Victims Of Camp Lejeune Water Contamination Gain Health Care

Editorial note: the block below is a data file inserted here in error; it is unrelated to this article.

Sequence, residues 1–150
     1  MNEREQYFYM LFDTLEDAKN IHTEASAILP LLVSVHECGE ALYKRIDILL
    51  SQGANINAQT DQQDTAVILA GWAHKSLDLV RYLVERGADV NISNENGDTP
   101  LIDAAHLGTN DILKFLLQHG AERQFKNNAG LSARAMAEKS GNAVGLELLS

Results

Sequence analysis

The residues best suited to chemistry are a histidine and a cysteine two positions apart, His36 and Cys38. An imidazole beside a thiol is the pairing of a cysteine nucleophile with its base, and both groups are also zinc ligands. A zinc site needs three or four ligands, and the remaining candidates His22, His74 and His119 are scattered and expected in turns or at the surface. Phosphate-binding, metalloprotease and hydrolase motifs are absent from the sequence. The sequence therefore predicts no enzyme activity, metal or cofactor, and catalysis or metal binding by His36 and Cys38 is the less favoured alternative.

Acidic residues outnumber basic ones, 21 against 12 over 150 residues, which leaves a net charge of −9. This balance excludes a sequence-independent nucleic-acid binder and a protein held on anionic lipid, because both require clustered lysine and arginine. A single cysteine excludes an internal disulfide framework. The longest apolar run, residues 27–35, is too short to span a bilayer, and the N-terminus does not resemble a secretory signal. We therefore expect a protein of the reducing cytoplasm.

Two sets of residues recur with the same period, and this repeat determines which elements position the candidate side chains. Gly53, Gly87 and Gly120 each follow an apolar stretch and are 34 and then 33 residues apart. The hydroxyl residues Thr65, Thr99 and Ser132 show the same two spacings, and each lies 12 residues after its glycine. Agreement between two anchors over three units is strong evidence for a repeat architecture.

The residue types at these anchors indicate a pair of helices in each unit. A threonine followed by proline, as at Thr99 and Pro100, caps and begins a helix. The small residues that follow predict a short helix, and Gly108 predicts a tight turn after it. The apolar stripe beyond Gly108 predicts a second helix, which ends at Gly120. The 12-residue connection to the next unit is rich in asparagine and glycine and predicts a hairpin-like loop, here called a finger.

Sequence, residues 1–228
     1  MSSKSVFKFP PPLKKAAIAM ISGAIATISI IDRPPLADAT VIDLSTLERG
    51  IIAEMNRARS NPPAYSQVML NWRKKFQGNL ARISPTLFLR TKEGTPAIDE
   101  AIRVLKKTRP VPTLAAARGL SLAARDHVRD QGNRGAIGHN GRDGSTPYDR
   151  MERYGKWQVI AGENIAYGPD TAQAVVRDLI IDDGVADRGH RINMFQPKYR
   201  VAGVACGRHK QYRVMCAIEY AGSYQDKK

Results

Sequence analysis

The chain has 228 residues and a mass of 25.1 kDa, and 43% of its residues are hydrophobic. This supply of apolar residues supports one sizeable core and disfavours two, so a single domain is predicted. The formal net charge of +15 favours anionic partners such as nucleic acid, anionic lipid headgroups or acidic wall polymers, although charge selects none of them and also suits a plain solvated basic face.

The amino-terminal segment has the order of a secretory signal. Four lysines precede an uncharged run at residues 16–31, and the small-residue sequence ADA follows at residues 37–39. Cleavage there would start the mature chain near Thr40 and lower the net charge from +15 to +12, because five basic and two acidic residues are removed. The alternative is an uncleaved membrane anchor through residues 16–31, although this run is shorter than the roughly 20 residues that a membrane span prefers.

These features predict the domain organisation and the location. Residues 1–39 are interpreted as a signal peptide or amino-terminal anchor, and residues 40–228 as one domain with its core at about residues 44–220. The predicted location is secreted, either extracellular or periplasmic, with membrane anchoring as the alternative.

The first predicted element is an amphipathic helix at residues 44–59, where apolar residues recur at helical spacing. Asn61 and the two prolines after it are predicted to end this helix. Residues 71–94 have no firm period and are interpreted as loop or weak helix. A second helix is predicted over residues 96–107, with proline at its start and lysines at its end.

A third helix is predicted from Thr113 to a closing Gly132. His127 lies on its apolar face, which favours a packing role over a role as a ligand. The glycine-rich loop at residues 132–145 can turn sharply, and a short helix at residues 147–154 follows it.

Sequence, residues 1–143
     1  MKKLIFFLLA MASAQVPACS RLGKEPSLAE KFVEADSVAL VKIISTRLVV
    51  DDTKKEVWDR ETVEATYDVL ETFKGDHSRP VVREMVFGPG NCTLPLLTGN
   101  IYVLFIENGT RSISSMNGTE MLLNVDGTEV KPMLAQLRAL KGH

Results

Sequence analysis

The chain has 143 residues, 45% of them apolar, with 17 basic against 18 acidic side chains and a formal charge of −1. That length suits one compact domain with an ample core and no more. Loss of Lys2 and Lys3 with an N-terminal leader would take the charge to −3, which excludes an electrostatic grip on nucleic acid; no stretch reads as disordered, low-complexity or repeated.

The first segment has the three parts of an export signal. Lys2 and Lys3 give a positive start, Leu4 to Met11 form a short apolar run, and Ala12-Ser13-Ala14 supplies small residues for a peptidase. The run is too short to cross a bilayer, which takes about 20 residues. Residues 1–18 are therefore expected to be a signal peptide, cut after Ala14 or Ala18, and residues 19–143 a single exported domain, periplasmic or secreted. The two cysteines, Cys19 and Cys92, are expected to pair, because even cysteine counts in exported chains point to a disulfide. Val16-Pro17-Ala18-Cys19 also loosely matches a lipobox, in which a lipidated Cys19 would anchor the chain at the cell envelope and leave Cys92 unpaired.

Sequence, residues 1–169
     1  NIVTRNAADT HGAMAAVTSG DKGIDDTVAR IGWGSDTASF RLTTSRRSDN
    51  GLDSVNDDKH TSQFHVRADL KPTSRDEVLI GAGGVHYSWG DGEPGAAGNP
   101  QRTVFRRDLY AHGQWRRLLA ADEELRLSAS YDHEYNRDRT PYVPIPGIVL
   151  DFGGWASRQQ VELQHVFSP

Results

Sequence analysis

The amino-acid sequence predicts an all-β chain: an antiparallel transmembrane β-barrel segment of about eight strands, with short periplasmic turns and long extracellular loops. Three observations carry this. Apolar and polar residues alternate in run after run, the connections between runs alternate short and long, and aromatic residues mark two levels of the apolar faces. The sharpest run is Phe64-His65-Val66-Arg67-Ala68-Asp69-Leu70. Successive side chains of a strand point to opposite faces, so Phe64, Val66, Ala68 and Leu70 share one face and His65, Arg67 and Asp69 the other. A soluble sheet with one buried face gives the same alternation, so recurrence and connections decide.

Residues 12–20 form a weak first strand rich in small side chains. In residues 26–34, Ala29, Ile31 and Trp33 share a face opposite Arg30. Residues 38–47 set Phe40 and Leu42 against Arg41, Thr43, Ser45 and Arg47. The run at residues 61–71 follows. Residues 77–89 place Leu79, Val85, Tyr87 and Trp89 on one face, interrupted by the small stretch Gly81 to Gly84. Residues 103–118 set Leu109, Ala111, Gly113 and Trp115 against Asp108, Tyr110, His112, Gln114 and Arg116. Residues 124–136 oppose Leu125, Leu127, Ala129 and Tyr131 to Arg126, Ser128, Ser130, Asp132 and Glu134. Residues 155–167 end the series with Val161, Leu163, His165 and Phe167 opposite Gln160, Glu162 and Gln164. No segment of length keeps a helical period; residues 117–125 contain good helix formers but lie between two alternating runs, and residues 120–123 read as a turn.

More than one million people were exposed over three decades to contaminated drinking water at Camp Lejeune, near Jacksonville. Victims suffering from birth defects and cancers will now have free health care thanks to federal legislation passed in congress this week and thanks to a veteran who refused to give up. Janey Ensminger died in 1987 at age 9 from a rare form of Leukemia. Her father, Jerry Ensminger was suspicious that something at Camp Lejeune was responsible, but couldn't prove it. Then, a decade later he was sitting down for dinner when he saw a TV report that linked Camp Lejeune's water to health problems. He tells the story: "And they said that the chemicals that had been found in Camp Lejeune's drinking water were possibly linked to childhood cancer, primarily in leukima. So I dropped my spaghetti right there on the living room floor." By then Ensminger was retired from the Marine Corps. He and a fellow veteran filed over 1,000 Freedom Of Information Act requests seeking military studies of the water. They more they dug, the more it looked like the Marine Corps was hiding information about toxins in the water. Their activism led to studies that connected contaminated water to several ailments including the cancer that killed Janey Ensminger. The bill that passed congress this week is named in her honor. It provides free health care to Marines veterans and family members suffering from illness related to the water contamination. Jerry Ensminger says, "The most difficult thing we had was getting the truth out of the Department of the Navy and United States Marine Corps. I hate to say that, because I am a retired Marine and I'm very proud of the Marines." To qualify for the health care, people must have lived there between 1957 and 1987 and suffer from one of several conditions listed in the legislation. But Ensminger says his fight isn't over. He says the bill needs to cover more illnesses. And he says reparations are needed for families of former Camp Lejeune residents who have already died from those illnesses.